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Immigration News & Updates eNewsletter ©  2011  - 2016 
For questions about U.S. Residency, Green Cards and Immigration Visas, Visit our Website at: or  call our office at: (954) 382-5378
Questions & Answers
Question:I have a question about sponsoring my new wife for her Green Card. About 3 years ago, I got my Green Card through my previous marriage to a U.S. Citizen wife. About a year after I got my Green Card, I joined the military and was able to obtain expedited Citizenship. After that, my ex wife and I divorced. I met my new wife while stationed overseas and I want to sponsor her for her Residency. Can I petition for her now since I am a U.S. Citizen?
Answer: Under Immigration regulations, Immigrants who obtained residency through marriage, whether currently a Resident or Citizen, who seek to sponsor a new spouse for Residency within a five year period after obtaining Residency, are required to prove that the initial marriage through which they gain Residency was real (also called “bona fide”). If the marriage with your ex-wife was real and you have extensive documentation to prove it, then a qualified Immigration attorney can assist you in sponsoring your new spouse. The problem arises when the sponsoring spouse files a spousal petition within the five year period and is then unable to provide adequate documentation to prove that the past marriage was real. The key is to either make sure you are fully prepared, or wait until the five years have elapsed.
This Week's Immigration News 
By Immigration Attorney Caroly Pedersen
New Visa Requirement For Caribbean Agricultural Workers
The Department of State recently increased Visa requirements for Caribbean residents coming to the U.S. as H2A Agricultural Workers. 

Beginning February19th, H2A Agricultural Workers from the Caribbean will be required to have both a Valid Passport and Visa to ensure sufficient security screening prior to Visa issuance. 
Helpful Immigration Hints You Can Use
Immigration How To:
How Do I Send My Immigration Application To The USCIS?
Question: Good day, I am a permanent resident planning on applying for my citizenship next month. I also plan to file for my parents and my little brother to migrate here. Should I apply for my parents and brother now as a permanent resident and will their residency come through as soon as I get the citizenship (I mean they will need me to be a citizen before they approve the I-130) or should I wait for the citizenship before I file?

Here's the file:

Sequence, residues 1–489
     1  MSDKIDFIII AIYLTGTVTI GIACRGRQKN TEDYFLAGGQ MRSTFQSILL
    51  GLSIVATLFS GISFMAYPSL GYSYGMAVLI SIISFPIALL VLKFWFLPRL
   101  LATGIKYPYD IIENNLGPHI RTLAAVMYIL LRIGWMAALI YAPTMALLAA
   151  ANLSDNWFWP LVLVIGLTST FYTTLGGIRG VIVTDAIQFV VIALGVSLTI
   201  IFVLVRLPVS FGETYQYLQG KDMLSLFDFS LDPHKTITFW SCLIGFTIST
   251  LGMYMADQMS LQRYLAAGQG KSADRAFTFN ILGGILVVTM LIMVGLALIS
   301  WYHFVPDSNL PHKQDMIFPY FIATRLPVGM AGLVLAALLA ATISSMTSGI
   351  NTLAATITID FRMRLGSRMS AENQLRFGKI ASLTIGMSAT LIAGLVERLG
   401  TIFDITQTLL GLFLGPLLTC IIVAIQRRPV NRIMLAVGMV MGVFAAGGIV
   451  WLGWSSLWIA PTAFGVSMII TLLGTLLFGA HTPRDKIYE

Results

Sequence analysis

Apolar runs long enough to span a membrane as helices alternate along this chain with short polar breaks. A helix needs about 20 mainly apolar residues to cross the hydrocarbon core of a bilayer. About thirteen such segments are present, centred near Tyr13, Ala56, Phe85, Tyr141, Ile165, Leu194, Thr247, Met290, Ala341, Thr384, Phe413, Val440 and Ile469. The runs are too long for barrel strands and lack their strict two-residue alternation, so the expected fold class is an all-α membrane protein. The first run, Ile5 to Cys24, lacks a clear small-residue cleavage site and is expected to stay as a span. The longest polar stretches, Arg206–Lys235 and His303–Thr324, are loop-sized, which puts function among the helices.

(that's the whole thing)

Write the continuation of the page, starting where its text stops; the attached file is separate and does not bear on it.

Answer: As long as you are age 21 or older, once you obtain your U.S. Citizenship, you can sponsor your parents (each one separately) for their U.S. Residency. You cannot apply for them while you are a U.S. Resident, even if you have filed the Naturalization application – if you do, the case will be denied.

Under current law, unfortunately, your younger brother cannot immigrate along with either parent as a “dependent”. Instead, you can sponsor your parents and then once they obtain their U.S. Residency in about a year, one of them can file for your brother. If he is still a minor, it could take up to 1 1/2 years for an Immigrant Visa to be available to him in the F2A category for minor children of U.S. Residents. Also, if your brother has a tourist visa, once the I-130 is filed for him, he may be able to come to the U.S. and later file for his adjustment, if the Visa Bulletin indicates availability. In such cases, it can be a little complicated and it is best to consult with an Immigration Attorney prior to any I-485 adjustment of status filings, to ensure eligibility.
You can find get more information about documentation requirements to prove the relationship between the father and child to ensure approval by visiting our website or by calling our office at: 954-382-5378.
USCIS Provides Residency Extension “Stickers” 
To Green Card Renewal Applicants 
The extension stickers are valid for nine (9) months. Residents who have already attended their Biometrics appointment and did not request or receive the extension sticker can make an INFOPASS appointment to return to the local USCIS office and receive the extension sticker at that time. 

Make an Infopass Appointment at your local USCIS office:
Infopass Appointments 
Current USCIS processing times for Green Card renewal applications (Form I-90), can exceed 6-8 months, often causing problems for Residents who require proof of legal immigration status for Driver’s License and other renewals. As a result of these long delays, local Field Offices are authorized to provide Residents with a Green Card extension sticker, affixed to their expired cards, to provide proof of their continuing legal Residency status in the U.S..